Last year visiting London I saw a disturbing scene recurring on the streets and in the trains and buses, so I started a small communication movement called ‘Give it a Go’, trying to get people to reconnect face to face and turn off their phones a bit more. When I explained to two friends of mine down here who don’t have a mobile phone they said with a grimace, “Pin a badge on to talk to people? How bizarre!” Actually even I was surprised at how many conversations that small badge has started, pulling many away from the ever present finger swipe and glaring face which is becoming all too common and ever present.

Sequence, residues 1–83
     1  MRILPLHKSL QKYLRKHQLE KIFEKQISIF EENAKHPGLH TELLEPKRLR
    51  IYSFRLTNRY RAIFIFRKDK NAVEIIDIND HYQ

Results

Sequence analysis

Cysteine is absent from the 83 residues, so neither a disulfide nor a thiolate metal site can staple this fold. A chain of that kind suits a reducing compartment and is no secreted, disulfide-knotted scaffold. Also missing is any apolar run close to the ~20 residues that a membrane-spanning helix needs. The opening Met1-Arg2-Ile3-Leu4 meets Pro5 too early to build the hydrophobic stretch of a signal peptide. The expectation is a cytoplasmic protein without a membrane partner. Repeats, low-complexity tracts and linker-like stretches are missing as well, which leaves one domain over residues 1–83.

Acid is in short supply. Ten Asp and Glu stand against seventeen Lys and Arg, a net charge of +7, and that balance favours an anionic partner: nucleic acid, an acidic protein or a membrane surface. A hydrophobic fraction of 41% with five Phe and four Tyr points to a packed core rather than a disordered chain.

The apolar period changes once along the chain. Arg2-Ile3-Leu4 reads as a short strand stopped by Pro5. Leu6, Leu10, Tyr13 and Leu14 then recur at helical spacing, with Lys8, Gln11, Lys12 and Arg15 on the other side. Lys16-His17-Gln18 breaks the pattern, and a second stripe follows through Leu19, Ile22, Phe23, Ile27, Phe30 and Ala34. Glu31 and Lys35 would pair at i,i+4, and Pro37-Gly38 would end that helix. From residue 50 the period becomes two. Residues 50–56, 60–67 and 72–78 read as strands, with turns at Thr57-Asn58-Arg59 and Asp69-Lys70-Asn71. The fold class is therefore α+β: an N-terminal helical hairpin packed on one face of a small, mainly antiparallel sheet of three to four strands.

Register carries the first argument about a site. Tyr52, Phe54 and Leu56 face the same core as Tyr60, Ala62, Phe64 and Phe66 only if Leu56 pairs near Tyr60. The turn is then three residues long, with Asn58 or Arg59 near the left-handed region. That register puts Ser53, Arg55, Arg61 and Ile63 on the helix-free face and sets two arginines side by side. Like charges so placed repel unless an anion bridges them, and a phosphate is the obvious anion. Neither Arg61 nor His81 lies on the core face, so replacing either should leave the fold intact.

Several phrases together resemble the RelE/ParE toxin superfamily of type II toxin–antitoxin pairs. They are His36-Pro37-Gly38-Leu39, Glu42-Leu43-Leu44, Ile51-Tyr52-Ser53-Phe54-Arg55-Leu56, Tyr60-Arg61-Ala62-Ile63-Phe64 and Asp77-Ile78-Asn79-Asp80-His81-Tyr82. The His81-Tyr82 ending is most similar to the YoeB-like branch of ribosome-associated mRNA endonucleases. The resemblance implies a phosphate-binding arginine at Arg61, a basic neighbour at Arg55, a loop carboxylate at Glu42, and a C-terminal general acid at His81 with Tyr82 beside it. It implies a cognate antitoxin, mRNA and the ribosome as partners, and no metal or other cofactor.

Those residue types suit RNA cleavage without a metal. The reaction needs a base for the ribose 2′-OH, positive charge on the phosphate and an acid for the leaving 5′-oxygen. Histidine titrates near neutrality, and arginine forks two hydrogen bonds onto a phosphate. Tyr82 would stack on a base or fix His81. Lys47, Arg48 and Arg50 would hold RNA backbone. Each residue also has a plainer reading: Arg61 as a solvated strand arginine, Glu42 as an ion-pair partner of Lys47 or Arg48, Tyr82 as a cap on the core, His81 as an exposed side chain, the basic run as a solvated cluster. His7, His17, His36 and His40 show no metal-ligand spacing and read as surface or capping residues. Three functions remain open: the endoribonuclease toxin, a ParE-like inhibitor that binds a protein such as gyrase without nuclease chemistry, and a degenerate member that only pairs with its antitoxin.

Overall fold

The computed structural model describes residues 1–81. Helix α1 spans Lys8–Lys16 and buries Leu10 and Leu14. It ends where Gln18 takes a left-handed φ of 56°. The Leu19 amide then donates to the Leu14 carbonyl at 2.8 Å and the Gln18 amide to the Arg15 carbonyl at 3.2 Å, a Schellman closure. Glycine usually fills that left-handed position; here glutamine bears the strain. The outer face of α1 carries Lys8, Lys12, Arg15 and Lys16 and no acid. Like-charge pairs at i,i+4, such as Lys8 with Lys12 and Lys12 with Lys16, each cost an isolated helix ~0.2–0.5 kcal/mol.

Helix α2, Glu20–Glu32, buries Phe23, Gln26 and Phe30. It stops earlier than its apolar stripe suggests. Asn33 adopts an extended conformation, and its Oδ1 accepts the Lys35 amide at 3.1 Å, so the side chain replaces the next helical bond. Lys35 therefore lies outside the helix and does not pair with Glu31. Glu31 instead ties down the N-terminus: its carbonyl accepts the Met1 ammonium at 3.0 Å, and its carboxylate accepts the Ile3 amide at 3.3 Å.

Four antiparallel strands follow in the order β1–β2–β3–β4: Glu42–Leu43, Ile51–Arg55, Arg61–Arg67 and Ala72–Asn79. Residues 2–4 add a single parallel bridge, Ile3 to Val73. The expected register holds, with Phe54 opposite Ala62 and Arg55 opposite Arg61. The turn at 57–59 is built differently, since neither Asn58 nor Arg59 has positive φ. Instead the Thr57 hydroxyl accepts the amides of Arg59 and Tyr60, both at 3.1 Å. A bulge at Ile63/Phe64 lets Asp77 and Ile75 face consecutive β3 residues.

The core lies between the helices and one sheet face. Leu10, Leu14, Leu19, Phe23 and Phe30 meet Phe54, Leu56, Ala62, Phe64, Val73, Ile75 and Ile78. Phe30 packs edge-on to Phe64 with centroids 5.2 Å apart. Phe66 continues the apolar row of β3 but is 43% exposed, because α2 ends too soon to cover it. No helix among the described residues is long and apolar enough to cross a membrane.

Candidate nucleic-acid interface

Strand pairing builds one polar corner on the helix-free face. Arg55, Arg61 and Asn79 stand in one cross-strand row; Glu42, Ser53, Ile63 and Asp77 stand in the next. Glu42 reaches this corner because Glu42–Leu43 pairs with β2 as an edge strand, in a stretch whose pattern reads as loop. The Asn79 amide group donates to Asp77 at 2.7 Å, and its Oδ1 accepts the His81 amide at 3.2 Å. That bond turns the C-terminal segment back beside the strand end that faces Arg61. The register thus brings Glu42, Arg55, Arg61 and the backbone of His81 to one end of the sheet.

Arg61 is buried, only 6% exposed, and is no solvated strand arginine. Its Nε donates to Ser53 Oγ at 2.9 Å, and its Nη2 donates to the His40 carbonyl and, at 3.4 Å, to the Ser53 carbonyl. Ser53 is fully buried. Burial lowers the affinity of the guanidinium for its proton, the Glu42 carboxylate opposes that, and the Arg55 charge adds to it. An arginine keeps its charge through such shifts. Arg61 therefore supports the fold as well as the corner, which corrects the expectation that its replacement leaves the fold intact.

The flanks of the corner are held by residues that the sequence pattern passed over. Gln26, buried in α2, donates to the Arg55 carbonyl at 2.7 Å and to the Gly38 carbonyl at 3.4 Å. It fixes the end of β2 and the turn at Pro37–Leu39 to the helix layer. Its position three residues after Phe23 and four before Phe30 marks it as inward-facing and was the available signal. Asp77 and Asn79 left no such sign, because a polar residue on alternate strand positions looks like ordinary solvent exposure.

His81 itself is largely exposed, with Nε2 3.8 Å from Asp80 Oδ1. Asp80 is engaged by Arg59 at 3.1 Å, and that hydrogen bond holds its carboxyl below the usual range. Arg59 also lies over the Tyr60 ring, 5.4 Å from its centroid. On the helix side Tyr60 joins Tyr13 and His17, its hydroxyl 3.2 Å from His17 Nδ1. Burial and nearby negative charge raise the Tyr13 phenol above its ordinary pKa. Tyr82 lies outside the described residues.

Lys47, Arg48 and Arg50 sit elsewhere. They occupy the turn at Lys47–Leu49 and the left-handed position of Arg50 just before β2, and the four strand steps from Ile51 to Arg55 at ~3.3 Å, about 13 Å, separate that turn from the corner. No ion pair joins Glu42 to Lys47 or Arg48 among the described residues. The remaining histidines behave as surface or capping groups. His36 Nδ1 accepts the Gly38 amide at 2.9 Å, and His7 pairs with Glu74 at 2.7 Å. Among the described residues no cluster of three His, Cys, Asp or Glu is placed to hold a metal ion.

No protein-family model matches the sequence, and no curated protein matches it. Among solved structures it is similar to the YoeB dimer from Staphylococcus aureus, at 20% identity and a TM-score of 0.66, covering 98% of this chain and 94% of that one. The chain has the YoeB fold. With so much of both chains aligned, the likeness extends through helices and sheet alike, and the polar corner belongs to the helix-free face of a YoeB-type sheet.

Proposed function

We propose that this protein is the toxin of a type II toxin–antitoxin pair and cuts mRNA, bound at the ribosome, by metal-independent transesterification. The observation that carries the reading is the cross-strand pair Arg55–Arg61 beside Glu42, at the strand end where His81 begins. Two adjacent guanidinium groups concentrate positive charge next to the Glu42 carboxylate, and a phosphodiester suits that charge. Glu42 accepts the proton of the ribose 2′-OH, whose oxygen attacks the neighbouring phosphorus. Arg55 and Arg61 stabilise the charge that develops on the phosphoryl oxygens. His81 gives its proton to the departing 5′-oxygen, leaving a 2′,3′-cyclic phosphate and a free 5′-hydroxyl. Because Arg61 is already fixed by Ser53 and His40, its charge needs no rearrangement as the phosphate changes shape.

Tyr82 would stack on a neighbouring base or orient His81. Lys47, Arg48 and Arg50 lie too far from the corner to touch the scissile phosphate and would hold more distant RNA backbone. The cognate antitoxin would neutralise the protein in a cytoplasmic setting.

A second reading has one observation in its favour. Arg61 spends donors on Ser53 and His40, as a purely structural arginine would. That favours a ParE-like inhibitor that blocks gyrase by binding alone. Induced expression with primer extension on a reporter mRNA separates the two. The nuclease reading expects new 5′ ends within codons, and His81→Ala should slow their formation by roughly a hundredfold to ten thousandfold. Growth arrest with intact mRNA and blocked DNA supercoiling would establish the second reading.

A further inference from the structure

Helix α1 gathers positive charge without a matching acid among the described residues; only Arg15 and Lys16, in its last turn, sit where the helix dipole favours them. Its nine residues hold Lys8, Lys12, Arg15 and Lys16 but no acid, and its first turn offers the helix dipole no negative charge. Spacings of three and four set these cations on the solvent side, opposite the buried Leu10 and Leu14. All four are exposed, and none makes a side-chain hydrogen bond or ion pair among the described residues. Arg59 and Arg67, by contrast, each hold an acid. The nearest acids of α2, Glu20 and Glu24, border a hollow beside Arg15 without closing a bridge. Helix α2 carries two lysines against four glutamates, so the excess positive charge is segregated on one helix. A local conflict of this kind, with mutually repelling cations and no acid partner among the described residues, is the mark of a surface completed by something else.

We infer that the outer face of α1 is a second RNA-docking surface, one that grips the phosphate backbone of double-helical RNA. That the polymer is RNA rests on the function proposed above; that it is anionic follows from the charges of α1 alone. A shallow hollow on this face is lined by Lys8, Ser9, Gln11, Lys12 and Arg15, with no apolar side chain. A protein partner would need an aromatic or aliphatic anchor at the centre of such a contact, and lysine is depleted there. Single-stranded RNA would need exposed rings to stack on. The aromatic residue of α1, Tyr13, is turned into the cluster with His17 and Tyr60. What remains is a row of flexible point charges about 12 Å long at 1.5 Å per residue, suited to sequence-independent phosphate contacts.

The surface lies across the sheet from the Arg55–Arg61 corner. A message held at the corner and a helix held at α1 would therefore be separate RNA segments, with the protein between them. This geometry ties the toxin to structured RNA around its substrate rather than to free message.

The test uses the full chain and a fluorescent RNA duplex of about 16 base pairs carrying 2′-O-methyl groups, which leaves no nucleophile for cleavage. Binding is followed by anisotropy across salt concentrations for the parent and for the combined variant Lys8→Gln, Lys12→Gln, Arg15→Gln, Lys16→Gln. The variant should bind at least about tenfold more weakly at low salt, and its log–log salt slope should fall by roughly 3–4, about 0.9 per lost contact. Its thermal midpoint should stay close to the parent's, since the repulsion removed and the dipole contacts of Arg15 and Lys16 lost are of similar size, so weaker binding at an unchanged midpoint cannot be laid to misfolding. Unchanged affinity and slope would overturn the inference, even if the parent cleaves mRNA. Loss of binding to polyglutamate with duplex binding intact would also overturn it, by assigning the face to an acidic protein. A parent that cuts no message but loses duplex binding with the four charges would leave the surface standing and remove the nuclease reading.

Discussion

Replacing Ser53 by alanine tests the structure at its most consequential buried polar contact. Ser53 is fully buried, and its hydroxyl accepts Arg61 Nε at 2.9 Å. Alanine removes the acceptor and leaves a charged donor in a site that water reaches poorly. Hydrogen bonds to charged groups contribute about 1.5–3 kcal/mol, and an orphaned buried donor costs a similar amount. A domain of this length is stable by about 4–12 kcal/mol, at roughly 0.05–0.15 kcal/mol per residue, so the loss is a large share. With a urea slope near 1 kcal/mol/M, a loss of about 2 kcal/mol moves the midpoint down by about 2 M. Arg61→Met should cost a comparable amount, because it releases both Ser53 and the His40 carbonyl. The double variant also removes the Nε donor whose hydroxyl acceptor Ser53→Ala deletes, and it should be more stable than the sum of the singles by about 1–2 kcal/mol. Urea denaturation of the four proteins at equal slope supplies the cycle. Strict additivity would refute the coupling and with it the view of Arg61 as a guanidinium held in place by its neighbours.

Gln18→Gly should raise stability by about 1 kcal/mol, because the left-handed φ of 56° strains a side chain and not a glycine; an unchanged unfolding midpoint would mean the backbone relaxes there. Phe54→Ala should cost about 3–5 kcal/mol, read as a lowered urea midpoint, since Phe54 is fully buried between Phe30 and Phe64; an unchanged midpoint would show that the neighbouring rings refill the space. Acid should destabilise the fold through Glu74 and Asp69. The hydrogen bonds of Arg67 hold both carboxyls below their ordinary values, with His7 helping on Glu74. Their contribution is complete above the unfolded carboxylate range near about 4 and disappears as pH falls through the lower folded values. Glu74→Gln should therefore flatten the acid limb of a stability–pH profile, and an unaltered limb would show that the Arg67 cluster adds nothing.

I have only had a working mobile phone for slightly over two years, but I see the need to reconnect and get away from the small addiction it allows me to have. Unfortunately, unlike many unhealthy addictions, I do not feel like an outcast, actually the opposite, I am in the accepted crowd, the constantly connected. In so many ways I want to get back to being that guy I was in 1994. Yes, since then my life has changed drastically. I was a single man traveling with the world spread out before me. I do not want to go back to that status, I am happily married with two children and those last twenty four years or so have been a fantastic voyage. It is also nice to know that my wife and I met randomly in China, we moved to five different parts of Europe and America, were briefly members in an Irish eco-village project, opened two businesses, raised two wonderful children, I wrote and published a book, and most of that time we were that weird couple with no mobile phone, and only up until 2005, we were also that couple without an email address. So yes, it is possible to live without constant connectivity. As the world gets more and more connected though it might seem more and more impossible, but it isn’t. Life can still go on without a phone close at hand.